So to answer your question, I think the best way to promote unity between sex workers or anyone else, is to truly learn to love ourselves where we are, and to deflect the judgments others would put on us, rather than soaking them up and passing them along. Maybe then we will feel confident enough in ourselves to see our fellow workers as they really are: our partners in struggle, and our greatest potential allies for the procurement of better wages, fair treatment under the law, and sustainable human relationships.

What project(s) are you working on now?
Several, and I’ll list them quickly after that rant! I am a writer and visual artist outside of the world of dancing. I have a solo show at the Good Girl Art Gallery here in Springfield in June, so I am painting frantically to get ready for that. I am writing a book about the Amish based on the period of time I lived with them when I was 21 and the ongoing friendships that grew out of that. I am also in the process of publishing and distributing a series of political coloring books based on Howard Zinn’s “A People’s History of the United States,” which is endorsed by Mr. Zinn. Also, I make most of the costumes for the club I work at to supplement my income (stupid student loans…) so in between projects, I am always making panties. Right now, I’m about to go bathe my cats.

You can see most of my work at, and a few pieces from my next show at my Myspace page.

Jesse’s art is beautiful. I’ve seen her art develop over the years and it is both gorgeous and powerful. Her Howard Zinn coloring book is something I plan to get for my friends’ children.

Jesse was my first sex worker friend. Years ago we hung out as hippie chicks. She taught me to crochet and entertained me with her stripper work stories. She was taking a break from stripping and I hadn’t yet become a PSO.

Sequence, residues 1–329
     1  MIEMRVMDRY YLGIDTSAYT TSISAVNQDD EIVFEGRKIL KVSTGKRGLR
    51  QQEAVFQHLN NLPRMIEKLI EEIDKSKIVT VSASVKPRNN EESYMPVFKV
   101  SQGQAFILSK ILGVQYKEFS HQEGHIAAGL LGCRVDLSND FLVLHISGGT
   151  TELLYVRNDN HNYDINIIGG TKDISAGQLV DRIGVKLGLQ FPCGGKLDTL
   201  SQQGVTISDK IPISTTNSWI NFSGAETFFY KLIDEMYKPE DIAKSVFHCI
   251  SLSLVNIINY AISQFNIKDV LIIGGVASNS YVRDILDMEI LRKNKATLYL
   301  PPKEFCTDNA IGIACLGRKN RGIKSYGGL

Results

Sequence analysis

Later when I was back to normal society and started doing phone sex Jesse was there to listen. While my spouse and friends are supportive no one understands the work quite like a sex worker. Though we do different types of work we’ve found we have so much in common. Long before I became involved with sex worker activism Jesse and I would entertain and support each other.

Like Jesse says so many times sex workers focus on the differences in their work. Walls and boundaries are put between us. A vital part of sex worker activism is reaching across that divide and finding solidarity and common ground between workers. Though our jobs may be different we share much common ground. There is strength in this and we are stronger when we stand together.

Sex Worker Solidarity Series
Sex Worker Solidarity: Introduction
Sex Worker Solidarity: Audacia Ray
Sex Worker Solidarity: Dallas From Babeland